A plant whose stem does not produce woody, persistent tissue and generally dies back at the end of each growing season.
Any of various often aromatic plants used especially in medicine or as seasoning.
Origin: Middle English herbe, from Old French erbe, from Latin herba.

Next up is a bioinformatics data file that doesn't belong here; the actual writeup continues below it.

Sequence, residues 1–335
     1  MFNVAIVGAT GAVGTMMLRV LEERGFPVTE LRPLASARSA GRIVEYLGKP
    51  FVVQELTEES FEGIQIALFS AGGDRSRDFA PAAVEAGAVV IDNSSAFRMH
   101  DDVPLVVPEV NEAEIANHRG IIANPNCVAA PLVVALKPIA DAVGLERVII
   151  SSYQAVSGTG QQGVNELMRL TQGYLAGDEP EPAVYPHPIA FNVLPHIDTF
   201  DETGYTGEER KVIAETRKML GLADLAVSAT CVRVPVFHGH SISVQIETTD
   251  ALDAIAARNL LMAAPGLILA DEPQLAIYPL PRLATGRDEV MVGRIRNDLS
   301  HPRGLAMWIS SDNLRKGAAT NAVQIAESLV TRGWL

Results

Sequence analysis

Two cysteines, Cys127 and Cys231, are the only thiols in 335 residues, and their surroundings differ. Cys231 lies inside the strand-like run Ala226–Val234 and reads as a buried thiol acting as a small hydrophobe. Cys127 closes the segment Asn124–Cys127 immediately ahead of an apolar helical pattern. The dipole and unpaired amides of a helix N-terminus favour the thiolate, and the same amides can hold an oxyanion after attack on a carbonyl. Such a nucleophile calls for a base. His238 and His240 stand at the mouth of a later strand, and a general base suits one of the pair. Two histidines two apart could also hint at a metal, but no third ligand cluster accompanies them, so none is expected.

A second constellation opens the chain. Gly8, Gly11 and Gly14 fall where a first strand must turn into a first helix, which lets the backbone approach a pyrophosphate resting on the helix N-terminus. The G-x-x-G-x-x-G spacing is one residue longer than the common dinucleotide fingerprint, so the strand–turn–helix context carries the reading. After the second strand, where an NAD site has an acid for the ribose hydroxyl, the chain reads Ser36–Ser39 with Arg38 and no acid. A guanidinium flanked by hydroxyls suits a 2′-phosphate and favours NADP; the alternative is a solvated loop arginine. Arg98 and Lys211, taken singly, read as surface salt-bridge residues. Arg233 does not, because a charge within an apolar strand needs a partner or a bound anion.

Usage Note: The word herb, which can be pronounced with or without the (h), is one of a number of words borrowed into English from French. The (h) sound had been lost in Latin and was not pronounced in French or the other Romance languages, which are descended from Latin, although it was retained in the spelling of some words. In both Old and Middle English, however, h was generally pronounced, as in the native English words happy and hot. Through the influence of spelling, then, the h came to be pronounced in most words borrowed from French, such as haste and hostel. In a few other words borrowed from French the h has remained silent, as in honor, honest, hour, and heir. And in another small group of French loan words, including herb, humble, human, and humor, the h may or may not be pronounced depending on the dialect of English. In British English, herb and its derivatives, such as herbaceous, herbal, herbicide, and herbivore, are pronounced with h. In American English, herb and herbal are more often pronounced without the h, while the opposite is true of herbaceous, herbicide, and herbivore, which are more often pronounced with the h.